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Shauvout, Succoth and Simchat Tora

Shauvout, Succoth and Simchat Tora


Shauvot is originally a festival celebrating summer harvest but soon linked to the giving of the law to Moses on Mount Sinai. Jews look upon the Torah as God's greatest gift to them. During the original festival all the farmers would bring their first fruits to the temple, where they offered them as a sign of their thankfulness to God.


Today, Shauvot is much more important than the link with the harvest. It is linked with Mount Sinai where a group of ex-slaves was changed into a nation. The whole basis of Judaism are the laws that Moses received at Mount Sinai. There were 613 laws given to Moses, but the most important and the most well known are the 10 commandments.

Celebrating Shauvot

Traditionally Jews stay up on the night of the Shauvot reading the "Torah" and eating sweet cakes to remind the Jews that the Torah is sweet to the spiritual taste.Jews also read the book of Ruth on Shauvot a beautiful love story very appropriate for this particular festival.Shauvot is also known as the 'festival of first fruits'.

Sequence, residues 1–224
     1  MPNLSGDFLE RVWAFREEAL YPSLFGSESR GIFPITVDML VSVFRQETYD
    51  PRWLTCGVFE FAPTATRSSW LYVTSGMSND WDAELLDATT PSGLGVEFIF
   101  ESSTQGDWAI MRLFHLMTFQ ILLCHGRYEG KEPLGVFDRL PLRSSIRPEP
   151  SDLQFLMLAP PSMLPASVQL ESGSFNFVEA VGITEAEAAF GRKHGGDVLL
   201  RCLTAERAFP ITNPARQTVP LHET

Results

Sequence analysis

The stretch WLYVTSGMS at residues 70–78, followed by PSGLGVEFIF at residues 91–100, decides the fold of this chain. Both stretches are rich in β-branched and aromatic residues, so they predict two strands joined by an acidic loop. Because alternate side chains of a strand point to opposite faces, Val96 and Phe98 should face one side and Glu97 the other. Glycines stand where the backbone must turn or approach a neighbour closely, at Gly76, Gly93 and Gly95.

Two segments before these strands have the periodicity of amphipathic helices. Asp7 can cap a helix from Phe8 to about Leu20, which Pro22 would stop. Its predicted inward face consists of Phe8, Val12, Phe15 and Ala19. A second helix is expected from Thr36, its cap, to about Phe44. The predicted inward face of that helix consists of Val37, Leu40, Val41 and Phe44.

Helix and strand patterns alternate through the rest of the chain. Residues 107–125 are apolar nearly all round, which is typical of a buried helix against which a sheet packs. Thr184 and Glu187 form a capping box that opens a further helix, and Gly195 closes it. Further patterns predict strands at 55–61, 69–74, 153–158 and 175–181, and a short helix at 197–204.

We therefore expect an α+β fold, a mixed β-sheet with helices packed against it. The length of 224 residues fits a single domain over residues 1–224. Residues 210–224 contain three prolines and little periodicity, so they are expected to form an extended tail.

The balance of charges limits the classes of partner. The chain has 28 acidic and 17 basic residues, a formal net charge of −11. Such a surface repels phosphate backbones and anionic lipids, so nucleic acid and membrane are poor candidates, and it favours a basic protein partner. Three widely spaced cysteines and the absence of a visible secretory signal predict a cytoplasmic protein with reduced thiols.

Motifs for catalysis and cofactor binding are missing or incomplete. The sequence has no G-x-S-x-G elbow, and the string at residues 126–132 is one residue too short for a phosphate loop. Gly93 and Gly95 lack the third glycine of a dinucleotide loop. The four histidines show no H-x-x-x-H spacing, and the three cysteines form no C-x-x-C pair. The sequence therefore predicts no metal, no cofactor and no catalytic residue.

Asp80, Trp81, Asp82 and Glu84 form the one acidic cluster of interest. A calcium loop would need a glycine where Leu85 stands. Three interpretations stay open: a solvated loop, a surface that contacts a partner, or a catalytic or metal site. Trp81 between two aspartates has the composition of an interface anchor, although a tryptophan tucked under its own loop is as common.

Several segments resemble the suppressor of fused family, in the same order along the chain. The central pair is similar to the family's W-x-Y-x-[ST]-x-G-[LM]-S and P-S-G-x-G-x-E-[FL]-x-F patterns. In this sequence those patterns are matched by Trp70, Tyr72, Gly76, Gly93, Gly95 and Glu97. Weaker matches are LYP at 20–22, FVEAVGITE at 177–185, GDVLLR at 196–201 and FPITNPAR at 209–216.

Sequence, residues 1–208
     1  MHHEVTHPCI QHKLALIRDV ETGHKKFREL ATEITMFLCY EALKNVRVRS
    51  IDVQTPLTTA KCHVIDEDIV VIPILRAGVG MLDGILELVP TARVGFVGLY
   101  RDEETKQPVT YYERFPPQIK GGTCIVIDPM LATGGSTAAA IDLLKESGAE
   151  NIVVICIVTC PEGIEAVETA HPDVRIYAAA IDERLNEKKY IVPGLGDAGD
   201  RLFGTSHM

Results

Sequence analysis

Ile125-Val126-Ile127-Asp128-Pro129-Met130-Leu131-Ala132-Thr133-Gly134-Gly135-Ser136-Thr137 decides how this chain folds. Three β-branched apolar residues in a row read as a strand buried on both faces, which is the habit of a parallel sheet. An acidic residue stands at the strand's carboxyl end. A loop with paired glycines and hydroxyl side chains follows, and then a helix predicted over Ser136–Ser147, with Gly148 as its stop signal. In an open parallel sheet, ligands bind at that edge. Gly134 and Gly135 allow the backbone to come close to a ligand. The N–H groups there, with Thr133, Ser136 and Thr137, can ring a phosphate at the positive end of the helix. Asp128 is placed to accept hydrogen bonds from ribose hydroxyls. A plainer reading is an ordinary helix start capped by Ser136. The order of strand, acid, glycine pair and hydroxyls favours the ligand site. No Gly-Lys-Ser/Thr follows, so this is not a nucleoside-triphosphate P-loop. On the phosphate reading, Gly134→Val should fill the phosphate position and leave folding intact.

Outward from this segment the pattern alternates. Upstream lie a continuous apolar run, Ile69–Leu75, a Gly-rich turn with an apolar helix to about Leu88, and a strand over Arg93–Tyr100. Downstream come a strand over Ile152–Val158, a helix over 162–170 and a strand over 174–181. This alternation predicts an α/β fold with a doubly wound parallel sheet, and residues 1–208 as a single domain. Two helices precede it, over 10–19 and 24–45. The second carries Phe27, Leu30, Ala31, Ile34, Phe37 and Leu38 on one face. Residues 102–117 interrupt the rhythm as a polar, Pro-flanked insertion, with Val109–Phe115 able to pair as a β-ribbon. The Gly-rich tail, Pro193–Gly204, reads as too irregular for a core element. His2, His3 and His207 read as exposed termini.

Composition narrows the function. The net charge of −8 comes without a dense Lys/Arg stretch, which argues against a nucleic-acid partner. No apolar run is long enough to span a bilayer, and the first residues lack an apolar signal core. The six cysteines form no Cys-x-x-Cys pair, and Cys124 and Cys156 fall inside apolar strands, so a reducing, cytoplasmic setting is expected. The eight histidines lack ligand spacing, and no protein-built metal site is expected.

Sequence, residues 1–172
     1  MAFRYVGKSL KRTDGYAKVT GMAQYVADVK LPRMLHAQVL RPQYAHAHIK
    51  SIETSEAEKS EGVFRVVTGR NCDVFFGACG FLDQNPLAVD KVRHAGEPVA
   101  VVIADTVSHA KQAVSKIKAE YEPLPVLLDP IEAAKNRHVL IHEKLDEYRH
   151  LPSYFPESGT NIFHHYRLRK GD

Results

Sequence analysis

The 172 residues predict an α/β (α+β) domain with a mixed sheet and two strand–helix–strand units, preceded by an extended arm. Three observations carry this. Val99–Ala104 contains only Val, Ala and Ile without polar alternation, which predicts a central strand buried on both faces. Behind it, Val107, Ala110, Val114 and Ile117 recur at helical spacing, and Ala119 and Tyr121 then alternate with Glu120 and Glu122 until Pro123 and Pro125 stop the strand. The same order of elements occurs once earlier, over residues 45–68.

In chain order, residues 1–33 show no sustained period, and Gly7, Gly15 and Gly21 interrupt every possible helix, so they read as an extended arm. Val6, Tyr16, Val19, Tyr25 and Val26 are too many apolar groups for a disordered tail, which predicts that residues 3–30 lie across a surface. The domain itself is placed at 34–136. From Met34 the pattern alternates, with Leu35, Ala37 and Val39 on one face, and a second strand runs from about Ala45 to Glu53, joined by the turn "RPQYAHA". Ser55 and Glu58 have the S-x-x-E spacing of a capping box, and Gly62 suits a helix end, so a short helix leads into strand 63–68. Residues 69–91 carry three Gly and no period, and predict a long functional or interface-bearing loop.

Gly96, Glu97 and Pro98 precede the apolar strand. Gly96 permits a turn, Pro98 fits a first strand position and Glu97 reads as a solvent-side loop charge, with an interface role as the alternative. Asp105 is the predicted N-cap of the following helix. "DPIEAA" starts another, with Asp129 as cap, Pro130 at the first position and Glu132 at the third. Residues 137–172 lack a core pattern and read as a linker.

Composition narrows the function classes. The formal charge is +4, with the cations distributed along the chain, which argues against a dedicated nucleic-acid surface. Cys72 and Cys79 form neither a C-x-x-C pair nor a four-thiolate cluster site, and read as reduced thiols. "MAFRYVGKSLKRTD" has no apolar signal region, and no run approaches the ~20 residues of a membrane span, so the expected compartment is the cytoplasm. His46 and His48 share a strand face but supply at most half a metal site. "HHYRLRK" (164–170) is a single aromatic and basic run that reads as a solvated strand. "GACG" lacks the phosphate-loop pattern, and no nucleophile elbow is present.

In ancient Israel, three 'pilgrimage' festivals drew the scattered Jews to the temple in Jerusalem. Sukkot, the autumn festival also celebrates the years that the Jews spent wondering in the wilderness. Sukkot with Shauvot and Pesach sums up the complete story of the Exodus until the return to the promised land.

Sukkot begins five days after Yom Kippur and spans for another seven days. Many families live in a tent to remind 'their nation had no permanent home'. "Sukkot" means tent or temporary shelter. Sukkot also reminds Jews about the fragileness of life and dependence upon God. It is symbolised by having a hole in the roof of the Sukkot to always reamin open with God.

On the fifteenth day of this seventh month is the feast of Booths for seven days unto the Lord. On the first day is an assembly to the Lord and you shall do no work. On the eight day is also an assembly to the Lord and you shall do no work'. (Leviticus 23 : 34-36)

Simhat Torah

Festival of Simhat Torah takes place immediately at the end of the festival of Sukkot. On this day, annual cycle of readings from the Torah ends and a new cycle begins. The last reading of 'Torah' are on Deuteronomy and Genesis to show that the Torah has no beginning and no end, but is eternal.

During the service the scrolls of the Torah will be carried around the synagogue, and sometimes into the surrounding streets, accompanied by great rejoicing and happiness. Children kiss the scrolls, carry banners and receive sweets